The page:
The other side of liberty
At the very moment they were in Philadelphia declaring that all men are created equal, many of America's Founding Fathers were slave owners. Activists are now demanding a fuller accounting at democracy's birthplace.
When visitors alight from their tour buses for Friday's opening of the National Constitution Center in Philadelphia, they'll be celebrating Independence Day in a place where the story of American freedom is anything but simple.
The center is part of the 45-acre Independence National Historical Park, where ongoing revitalization plans are a flash point for fierce debates over whose truth is being told, and how.
The symbolic fault lines can be found just beneath the soil. Under the bus drop-off area, for instance, lies the historic homesite of James Dexter, a former slave who cofounded The Free African Society in 1787. The site would have been paved over with no exploration, if not for a concerted drive by local African-American activists.
Now that it has been excavated and commemorated in an exhibit, the site can put into context to a more familiar event of 1787 - the Constitutional Convention. Delegates met three blocks from Dexter's home, at what is now known as Independence Hall, to hammer out the terms of the new nation - including counting each slave as three-fifths of a person and extending the slave trade for the next 20 years.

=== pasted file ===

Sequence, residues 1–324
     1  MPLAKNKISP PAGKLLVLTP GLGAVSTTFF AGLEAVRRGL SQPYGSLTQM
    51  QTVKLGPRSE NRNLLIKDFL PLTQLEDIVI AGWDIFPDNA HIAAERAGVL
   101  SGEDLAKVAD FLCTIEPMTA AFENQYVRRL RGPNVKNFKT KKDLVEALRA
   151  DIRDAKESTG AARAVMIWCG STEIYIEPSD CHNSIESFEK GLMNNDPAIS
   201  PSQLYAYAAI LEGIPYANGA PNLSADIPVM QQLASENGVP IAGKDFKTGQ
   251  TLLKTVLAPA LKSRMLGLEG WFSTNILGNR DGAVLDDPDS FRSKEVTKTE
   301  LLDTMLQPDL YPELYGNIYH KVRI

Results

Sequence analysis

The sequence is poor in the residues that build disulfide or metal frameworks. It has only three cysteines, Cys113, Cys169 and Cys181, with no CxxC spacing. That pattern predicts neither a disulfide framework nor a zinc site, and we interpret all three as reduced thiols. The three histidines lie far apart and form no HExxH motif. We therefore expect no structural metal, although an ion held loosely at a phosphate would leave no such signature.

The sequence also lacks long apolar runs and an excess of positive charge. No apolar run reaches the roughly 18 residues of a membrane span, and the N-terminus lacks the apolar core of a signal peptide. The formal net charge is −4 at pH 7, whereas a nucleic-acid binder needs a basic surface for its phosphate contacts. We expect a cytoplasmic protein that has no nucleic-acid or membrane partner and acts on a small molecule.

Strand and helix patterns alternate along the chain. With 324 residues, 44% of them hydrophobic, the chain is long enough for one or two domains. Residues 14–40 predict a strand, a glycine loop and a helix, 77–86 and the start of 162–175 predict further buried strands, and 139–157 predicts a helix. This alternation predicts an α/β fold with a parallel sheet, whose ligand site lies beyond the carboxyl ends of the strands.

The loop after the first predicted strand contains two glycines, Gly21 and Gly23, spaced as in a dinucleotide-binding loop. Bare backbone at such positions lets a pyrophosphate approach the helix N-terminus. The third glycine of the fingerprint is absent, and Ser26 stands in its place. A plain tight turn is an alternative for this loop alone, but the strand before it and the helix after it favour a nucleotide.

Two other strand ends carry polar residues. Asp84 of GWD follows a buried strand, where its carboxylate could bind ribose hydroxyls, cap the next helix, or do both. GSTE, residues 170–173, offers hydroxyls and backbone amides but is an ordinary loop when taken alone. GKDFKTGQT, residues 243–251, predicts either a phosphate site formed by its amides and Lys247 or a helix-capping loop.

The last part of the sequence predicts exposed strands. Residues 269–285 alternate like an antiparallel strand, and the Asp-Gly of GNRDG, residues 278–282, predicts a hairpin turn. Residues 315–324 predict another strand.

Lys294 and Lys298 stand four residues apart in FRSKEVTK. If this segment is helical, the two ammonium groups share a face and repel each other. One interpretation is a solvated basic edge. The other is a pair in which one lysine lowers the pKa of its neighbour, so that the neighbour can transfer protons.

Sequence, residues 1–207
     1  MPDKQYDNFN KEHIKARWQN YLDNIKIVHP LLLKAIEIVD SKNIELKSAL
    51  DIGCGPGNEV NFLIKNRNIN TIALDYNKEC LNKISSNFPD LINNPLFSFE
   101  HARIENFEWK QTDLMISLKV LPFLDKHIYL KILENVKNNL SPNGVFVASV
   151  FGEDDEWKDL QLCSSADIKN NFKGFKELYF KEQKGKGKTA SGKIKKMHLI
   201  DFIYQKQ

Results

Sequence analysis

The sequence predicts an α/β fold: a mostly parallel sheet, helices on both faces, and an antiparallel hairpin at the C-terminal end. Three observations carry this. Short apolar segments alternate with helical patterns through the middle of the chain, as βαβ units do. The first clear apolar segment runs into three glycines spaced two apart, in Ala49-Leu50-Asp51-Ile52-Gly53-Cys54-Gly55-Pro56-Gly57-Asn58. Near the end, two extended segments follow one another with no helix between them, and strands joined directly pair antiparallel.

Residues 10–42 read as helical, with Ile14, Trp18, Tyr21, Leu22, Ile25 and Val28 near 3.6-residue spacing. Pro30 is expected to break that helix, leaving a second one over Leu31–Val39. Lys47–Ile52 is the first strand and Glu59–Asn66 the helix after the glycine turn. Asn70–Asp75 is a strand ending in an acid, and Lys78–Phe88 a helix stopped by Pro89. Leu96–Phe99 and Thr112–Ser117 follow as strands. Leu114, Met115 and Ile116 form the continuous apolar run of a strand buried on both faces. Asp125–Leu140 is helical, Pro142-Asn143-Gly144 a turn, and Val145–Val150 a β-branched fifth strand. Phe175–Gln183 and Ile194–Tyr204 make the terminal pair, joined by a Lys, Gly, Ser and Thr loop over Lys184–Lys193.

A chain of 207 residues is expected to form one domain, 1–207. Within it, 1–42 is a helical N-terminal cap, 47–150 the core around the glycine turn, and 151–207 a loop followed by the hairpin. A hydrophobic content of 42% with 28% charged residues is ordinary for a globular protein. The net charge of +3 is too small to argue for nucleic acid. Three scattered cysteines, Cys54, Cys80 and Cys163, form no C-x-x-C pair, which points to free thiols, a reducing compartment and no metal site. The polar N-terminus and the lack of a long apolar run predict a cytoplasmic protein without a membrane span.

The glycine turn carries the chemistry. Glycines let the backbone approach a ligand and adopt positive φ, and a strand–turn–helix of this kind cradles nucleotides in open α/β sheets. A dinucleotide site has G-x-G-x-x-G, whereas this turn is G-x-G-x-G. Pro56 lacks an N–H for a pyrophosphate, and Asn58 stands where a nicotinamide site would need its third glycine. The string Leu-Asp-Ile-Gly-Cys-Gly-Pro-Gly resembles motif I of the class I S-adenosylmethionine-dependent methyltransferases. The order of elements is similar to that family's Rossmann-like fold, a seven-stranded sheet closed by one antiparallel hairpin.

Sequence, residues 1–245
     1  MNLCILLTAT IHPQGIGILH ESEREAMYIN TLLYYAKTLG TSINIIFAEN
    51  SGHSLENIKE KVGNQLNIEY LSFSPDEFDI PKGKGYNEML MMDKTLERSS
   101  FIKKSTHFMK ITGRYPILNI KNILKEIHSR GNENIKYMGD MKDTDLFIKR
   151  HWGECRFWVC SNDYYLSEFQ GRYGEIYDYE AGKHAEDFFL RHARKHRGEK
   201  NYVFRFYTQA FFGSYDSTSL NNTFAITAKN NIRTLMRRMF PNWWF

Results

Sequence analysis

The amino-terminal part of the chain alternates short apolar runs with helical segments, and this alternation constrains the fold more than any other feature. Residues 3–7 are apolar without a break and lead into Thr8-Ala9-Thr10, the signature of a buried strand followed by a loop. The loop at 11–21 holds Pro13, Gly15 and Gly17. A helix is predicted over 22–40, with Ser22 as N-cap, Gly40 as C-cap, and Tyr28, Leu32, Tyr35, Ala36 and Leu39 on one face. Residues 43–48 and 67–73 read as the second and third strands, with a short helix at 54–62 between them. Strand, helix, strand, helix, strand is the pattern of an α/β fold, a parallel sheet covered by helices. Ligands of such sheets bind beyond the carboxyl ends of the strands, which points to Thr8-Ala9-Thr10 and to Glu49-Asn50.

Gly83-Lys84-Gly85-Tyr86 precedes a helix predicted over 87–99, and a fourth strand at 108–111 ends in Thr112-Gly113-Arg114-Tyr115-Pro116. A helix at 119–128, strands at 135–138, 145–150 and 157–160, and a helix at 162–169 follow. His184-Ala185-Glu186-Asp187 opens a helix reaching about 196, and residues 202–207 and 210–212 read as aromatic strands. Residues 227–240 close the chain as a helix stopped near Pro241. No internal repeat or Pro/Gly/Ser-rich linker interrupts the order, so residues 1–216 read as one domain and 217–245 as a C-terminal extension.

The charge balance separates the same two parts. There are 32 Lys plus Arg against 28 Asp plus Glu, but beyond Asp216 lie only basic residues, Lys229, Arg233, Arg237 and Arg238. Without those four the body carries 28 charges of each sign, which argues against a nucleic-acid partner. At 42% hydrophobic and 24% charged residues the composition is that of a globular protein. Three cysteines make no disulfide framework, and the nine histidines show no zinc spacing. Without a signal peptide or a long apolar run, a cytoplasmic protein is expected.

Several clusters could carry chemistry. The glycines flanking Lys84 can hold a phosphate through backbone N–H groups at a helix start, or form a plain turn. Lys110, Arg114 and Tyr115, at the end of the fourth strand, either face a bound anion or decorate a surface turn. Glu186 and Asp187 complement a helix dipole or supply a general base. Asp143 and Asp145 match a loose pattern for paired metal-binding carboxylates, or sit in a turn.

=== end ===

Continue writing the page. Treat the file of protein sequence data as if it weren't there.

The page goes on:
Although disputes continue to bubble up, many historians, activists, and park officials say this juncture is a unique opportunity to examine the paradoxes at the country's very foundation. While popular history often relegates slavery to the shadows when celebrating the Founding Fathers, now its inextricable links to the economic and political beginnings of the United States are being brought to light.
"It will challenge old ideas [for people to see that] America's most-agreed-upon 'birthplace of freedom' was 'complicated' by slavery - that is something that Americans need to know," says Clement Alexander Price, a history professor at Rutgers University, and a consultant to the park service on the site where Presidents George Washington and John Adams lived and governed.
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